This Is AuburnElectronic Theses and Dissertations

Factors Affecting Arsenic Mobilization in Experimental Subsurface Systems




Radu, Tanja

Type of Degree



Civil Engineering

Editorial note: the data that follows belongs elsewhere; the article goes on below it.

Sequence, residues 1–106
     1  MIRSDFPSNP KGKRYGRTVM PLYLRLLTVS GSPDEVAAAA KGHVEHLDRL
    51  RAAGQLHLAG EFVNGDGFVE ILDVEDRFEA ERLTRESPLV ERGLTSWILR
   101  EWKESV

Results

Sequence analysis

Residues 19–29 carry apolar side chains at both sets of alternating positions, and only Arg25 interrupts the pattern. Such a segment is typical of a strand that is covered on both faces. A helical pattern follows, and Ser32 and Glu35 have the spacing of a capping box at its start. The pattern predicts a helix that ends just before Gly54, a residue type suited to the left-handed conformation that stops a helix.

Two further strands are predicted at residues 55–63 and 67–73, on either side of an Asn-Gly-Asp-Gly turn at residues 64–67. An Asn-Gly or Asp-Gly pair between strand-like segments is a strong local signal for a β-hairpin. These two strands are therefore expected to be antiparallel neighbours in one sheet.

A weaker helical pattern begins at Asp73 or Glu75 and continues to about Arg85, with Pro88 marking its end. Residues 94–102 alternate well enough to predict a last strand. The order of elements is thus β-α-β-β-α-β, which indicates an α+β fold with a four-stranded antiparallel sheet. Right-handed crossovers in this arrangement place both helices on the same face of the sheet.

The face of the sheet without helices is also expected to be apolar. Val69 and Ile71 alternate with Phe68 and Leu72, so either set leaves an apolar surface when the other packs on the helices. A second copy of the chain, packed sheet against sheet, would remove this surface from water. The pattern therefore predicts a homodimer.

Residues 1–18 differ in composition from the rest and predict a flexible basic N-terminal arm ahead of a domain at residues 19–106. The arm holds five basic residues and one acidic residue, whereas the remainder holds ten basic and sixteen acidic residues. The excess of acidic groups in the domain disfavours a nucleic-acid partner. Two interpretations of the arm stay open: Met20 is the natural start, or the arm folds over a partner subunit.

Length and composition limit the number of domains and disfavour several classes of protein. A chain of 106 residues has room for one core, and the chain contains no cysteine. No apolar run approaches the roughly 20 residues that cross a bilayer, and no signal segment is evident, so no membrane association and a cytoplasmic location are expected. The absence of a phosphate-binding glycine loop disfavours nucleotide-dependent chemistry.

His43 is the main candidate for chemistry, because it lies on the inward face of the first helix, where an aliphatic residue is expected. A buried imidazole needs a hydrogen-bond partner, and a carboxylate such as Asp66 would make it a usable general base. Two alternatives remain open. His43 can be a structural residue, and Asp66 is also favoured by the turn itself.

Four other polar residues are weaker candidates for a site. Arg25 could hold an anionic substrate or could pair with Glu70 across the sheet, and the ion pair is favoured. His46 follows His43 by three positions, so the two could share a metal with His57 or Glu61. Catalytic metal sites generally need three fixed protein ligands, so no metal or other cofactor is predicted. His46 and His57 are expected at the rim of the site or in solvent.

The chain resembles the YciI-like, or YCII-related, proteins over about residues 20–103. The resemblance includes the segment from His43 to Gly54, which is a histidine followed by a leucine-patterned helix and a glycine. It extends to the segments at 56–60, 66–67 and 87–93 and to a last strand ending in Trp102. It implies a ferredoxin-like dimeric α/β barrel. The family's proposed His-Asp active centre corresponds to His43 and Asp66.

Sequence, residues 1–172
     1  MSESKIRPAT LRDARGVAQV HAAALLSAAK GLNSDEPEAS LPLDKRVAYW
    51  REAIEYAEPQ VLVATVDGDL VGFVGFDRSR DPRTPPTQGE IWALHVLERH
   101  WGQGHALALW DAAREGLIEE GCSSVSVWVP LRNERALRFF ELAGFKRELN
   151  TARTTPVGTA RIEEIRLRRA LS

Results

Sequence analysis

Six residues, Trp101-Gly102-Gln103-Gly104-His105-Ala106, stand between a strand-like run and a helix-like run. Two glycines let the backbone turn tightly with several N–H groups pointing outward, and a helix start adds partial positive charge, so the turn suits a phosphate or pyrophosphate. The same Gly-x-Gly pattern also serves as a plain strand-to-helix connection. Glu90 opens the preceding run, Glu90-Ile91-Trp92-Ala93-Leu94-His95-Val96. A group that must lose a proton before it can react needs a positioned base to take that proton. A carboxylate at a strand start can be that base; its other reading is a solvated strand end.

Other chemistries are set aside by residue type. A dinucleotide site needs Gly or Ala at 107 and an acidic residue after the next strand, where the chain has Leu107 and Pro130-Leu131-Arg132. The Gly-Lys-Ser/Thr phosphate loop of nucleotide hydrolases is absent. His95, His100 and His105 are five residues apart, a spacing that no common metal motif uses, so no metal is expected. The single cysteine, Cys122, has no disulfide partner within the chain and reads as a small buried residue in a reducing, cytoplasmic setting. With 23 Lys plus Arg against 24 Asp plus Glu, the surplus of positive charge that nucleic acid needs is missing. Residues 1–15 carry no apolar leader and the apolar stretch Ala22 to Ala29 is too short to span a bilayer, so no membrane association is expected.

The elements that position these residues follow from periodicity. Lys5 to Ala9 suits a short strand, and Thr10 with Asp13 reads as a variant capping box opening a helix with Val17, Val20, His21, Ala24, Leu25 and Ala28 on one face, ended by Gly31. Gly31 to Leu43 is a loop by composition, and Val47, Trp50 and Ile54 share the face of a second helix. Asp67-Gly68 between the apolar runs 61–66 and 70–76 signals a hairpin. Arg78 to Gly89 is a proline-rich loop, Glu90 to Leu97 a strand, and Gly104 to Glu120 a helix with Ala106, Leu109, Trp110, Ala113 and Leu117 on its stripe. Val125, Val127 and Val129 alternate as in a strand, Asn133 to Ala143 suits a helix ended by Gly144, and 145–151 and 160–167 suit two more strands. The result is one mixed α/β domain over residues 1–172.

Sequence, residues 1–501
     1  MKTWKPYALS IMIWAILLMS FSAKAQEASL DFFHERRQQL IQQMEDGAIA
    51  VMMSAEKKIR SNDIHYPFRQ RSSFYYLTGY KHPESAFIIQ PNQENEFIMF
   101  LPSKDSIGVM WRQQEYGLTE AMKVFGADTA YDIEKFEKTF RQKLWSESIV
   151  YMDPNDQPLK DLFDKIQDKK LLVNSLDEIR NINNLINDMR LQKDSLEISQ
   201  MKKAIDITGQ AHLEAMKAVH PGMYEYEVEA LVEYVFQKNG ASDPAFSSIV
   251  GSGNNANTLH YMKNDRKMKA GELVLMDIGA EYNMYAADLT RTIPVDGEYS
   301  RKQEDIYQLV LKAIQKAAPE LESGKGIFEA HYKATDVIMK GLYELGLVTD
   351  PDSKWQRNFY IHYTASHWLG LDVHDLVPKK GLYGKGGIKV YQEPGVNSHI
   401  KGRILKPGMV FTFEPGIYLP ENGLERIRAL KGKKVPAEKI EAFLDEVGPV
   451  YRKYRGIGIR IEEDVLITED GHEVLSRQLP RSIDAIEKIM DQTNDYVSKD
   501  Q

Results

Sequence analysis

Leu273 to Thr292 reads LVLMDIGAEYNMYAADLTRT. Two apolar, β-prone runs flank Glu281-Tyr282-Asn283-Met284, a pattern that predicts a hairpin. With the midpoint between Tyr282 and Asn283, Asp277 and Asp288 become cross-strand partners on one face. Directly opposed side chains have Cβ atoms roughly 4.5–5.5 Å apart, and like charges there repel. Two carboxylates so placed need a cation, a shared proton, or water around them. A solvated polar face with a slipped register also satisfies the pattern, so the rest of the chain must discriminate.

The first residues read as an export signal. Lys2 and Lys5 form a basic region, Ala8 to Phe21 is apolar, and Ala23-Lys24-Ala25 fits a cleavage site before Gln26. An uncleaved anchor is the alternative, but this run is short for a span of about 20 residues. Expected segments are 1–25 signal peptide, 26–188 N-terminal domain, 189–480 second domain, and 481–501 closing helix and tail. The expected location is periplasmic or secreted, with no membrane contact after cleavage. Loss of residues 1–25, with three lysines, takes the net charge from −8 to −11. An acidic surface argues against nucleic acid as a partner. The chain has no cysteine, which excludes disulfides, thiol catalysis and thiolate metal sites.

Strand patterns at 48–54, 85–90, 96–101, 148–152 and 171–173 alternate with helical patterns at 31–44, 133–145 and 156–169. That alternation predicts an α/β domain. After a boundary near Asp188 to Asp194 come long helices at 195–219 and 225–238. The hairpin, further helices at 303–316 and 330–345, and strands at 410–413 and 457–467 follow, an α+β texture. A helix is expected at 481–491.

Elevated concentrations of arsenic (As) in groundwater is a widespread problem that affects millions of people around the world. Other than the adverse affects on human health, this problem often raises economic, social and political issues in the affected nations. Understanding processes that dictate the transport of As in the subsurface is the first step towards finding the solution of this problem. Transport of As, hence its concentration in groundwater, is controlled by processes of adsorption/desorption, oxidation/reduction and reduction/dissolution and it depends on both physical (flow) and chemical (pH, presence of competing ions) conditions. Due to their abundance in natural systems, iron oxides are often used in laboratory experiments as a model media for studying processes of adsorption and desorption of As species. Oxides of manganese are used in As oxidation studies. vi Although many conclusions can be drawn from batch experiments, creating simulated dynamic transport of As in experimental subsurface systems gives a great insight into transport processes and better simulate naturally occurring conditions. Even though As(III) is often assumed to be more mobile than As(V), it was shown in laboratory experiments that under certain conditions, As(V) becomes more mobile. The presence of competing ions often influences As concentration in groundwater by competing for adsorptive sites on mineral surfaces, and/or desorbing previously adsorbed species and releasing them to the solution. The ability of phosphate to mobilize As was studied in column experiments. The presence of carbonate in groundwater is often associated with elevated As concentrations and is pointed to as one of the key factors controlling As distribution in subsurface. This is a topic of scientific dispute, as there are also researchers reporting no effect of carbonate presence. Using a novel experimental setup, it was shown that increased carbonate concentrations had relatively little effect on As(V) adsorption on iron oxide surfaces. Comparing the effects of carbonates and phosphates on mobilization of As(V), it was shown that carbonates mobilize less As(V) even when present in much higher concentration then phosphate. Batch experiments often give important information about kinetic and adsorption processes. Using data obtained from batch experiments, an effort was made to scale batch parameters to column level. This resulted in the development of a numerical model that integrated transport and reactions of As during transport in the column. Validity of the model was confirmed by comparing model prediction with the experimentally obtained data. This showed that it was possible to achieve good scaling from batch to column scale and to predict transport of As in column scale experiments.